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Discussion in 'Baptist Theology & Bible Study' started by JesusFan, Oct 27, 2011.
Do You hold to ANY errors in the Bible?
Any to be found in its historical info, spiritual info etc?
Please work on your spelling and grammar. It only takes a few extra seconds to fix. I'm very bad at spelling, but I try. It makes it easier to read and understand what you are saying.
You: Do you thing[sic] ANY errors in the Bible?
Correct: Do you think there are ANY errors in the Bible?
1. The only "errors" are scribal and translational errors.
2. The original autographs had no errors.
I corrected it!
Basic problem fat fingers small smart phone keys!
Any historical facts that differ in the Bible from history, or any theological facts/doctrines that you would hold to be wrong!
Anything that you would see clashing with either history/modern science?
Which would make the reporting of history or science wrong. Not scripture
Don't even we baptists though differ on just HOW we define terms like Inerrancy/infallibilty of the Bible though?
I understand that. What's annoying is that it likes to correct things that are not mistakes, but ignore actual mistakes.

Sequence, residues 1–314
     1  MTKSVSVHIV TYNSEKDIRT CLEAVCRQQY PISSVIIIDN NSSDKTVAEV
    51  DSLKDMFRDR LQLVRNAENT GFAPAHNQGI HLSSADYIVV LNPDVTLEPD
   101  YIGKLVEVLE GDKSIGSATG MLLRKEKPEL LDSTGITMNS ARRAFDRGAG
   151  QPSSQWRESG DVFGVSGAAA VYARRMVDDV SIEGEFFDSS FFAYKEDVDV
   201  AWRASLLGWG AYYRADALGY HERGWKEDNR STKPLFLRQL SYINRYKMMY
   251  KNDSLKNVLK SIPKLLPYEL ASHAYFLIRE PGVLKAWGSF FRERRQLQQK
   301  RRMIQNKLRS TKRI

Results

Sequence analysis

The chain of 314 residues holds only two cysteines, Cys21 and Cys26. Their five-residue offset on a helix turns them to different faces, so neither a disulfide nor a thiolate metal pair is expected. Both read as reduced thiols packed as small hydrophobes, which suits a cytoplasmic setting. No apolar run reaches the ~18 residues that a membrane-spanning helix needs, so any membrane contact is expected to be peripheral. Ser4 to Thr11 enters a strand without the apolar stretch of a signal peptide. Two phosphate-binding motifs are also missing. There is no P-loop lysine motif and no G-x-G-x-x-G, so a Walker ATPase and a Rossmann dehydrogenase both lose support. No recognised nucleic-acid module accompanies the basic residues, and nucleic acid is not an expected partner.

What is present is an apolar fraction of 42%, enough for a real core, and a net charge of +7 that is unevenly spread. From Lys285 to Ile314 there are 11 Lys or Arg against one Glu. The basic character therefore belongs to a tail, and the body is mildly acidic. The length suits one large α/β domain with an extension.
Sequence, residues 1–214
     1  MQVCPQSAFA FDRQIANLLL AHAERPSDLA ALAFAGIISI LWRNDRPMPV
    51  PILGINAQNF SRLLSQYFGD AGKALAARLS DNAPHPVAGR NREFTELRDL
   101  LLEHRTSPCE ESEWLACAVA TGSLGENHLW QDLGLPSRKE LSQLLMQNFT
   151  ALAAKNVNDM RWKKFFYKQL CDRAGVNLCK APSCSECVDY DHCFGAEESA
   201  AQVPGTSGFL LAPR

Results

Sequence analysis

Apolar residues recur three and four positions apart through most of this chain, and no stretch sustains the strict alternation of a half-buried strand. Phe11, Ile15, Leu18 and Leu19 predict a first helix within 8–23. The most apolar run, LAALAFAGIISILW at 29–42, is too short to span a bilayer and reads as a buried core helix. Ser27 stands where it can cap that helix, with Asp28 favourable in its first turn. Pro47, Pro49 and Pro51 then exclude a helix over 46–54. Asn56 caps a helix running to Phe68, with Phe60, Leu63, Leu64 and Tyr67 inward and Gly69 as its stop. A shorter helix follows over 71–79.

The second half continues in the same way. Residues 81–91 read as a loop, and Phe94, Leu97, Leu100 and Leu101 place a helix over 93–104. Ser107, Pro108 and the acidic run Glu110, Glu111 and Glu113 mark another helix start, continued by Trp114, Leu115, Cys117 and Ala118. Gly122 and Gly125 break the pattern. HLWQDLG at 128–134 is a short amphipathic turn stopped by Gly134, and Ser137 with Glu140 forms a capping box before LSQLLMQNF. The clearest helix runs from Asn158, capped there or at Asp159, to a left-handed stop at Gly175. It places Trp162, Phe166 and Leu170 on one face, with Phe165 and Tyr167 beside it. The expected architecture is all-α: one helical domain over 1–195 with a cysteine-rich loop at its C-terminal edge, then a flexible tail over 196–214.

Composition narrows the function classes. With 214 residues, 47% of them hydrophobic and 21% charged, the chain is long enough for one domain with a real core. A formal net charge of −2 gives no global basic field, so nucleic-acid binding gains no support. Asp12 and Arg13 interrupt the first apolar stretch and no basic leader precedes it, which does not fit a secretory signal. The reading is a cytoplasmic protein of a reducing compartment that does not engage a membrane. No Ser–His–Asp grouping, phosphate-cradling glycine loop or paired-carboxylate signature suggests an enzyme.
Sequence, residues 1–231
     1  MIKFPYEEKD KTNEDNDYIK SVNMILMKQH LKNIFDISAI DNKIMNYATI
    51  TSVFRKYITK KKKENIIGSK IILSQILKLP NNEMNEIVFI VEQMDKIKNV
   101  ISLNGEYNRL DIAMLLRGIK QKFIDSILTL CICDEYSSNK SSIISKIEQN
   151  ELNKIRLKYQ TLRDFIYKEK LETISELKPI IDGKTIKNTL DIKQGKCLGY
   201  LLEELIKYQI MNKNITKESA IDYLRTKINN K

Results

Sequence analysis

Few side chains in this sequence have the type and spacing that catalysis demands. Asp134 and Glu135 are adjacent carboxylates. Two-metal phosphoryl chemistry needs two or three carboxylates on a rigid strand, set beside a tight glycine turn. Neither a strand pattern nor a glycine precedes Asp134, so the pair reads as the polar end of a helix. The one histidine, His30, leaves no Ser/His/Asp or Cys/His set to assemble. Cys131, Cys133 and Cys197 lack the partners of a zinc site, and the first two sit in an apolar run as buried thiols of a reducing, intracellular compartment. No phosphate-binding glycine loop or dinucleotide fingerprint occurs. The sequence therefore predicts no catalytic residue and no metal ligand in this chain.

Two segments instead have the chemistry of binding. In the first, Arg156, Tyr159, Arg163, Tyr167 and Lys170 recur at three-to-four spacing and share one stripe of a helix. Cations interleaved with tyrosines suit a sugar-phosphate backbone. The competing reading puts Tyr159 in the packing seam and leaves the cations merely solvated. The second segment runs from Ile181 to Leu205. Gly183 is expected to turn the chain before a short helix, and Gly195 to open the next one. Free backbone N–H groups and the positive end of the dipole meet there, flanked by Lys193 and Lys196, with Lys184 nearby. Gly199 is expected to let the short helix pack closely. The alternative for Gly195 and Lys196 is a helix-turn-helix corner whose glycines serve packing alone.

I believe the difference in definition stems between theological conservatives and theological liberals.
I believe it depends on the translation and the verse in question. For example, in 1Sam. 6:19 there is a vast difference in the number mentioned.
Conservative tend to see it as being "fully" while liberals as being "partially/limited"?
My mind goes quickly to the gospel accounts with this issue. I see conservatives (like myself) use exegetical gymnastics to deny an apparent discrepancy. I find these apparent discrepancies easier to solve through the study of the Jesus tradition and ipsissima vox (used in a broader sense than just Jesus' sayings). The gospel accounts were not chronologically ordered historical renderings. That was not the historical practice of ANEers then.
Another issue I have with the concept of inerrancy as it relates to doctrine is that we are so western oriented (pun?) that we have to solve and systematize all paradoxes in the Bible. We come up with huge terms and highly philosophical concepts to explain things that were in the eyes of the original writers not that big of a deal. I just wish we would approach the text for what it is (premodern ANE literature) rather than what we need to make it as post-enlightened modernists. Logic has its place, but not at the expense of understanding the text in the mindset of the original audience.
Conclusion: no, the Bible has no theological errors. The writers and redactors made the theological point that they intended. How much they tell us, don't tell us, and perhaps even change (intentionally or unintentionally) is really up to them being led by the Spirit. Historical errors? Depends on what the criteria is for determining historical errors. A 21st century scientific method western post-enlightenment kind? Or the recording of history by the ancients in the ANE (and even ancient Europa)?
Really? kind of petty isn't it?